1. Writing has been responsible for me developing a really thick skin. An editor/agent/reader/publisher/crit partner may not have reacted favourably where my work was concerned, but that doesn’t necessarily mean that I am a bad writer, or, that I have to drown myself in self-pity. For every single person out there who doesn’t like my work, there is another person who will love it. Well, I personally have not liked all the books I have read, but that does not mean that the writer is bad, or, has failed. It just means that a particular story has not appealed to me emotionally.
  1. Writing has taught me more about spirituality than the holiest of books. We writers get familiar with every aspect of spirituality: from surrender to working without an eye out for the desired result, to calm acceptance of our book’s fate. Do we know the fate of our manuscripts when we send it on its publishing journey? No. Do we know whether a character we have worked on for years will be loved or dismissed by readers? I am sure not. Do we know the reactions of the readers to our books? Definitely not. Do we know whether we will ever be able to make a decent living from our writing profession? Certainly not. Each cheque is a pleasant surprise.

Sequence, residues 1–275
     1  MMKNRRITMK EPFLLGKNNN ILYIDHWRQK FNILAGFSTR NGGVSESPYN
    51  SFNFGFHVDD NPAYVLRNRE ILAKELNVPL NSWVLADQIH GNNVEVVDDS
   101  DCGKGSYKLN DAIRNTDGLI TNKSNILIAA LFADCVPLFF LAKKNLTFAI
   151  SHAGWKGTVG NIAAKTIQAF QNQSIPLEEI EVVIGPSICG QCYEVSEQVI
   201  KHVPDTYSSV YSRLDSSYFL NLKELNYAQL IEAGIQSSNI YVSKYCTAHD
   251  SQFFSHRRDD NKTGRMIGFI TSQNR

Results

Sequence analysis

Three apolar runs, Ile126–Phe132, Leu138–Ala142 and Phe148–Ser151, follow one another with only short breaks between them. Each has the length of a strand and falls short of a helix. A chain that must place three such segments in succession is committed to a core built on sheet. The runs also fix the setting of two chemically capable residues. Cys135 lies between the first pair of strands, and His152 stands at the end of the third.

1. Writing has made me an observer of life. Nowadays, I soak in everything; from the surrounding to people’s facial expressions to body language to how people speak and react. All this heavy duty observation is to bring authenticity to my writing.

  1. Writing has also made me appreciate the value of other writers in my life in the form of blog buddies/writing friends/crit partners and brainstorming buddies. I know how precious a writer’s time is, but every writer in this awesome blogging community has gone out of their way to help each other.   

  1. Writing has also taught me to appreciate my readers: both for the stories and features I write for the newspapers and my books. It’s the readers’ appreciation that keeps me going.

 What has your writing journey taught you? Please share with us, we all would love to know.


  1. What a wonderful post, Rachna. I just loved reading it. My writing has taught me to appreciate the hard work another writer puts in to bring a story to life. Have a lovely week!

  2. and here you are with another wonderful post...:)

  3. Rachna, it is an enlightening mail as you have taken so much of effort to explain the different facets of writing.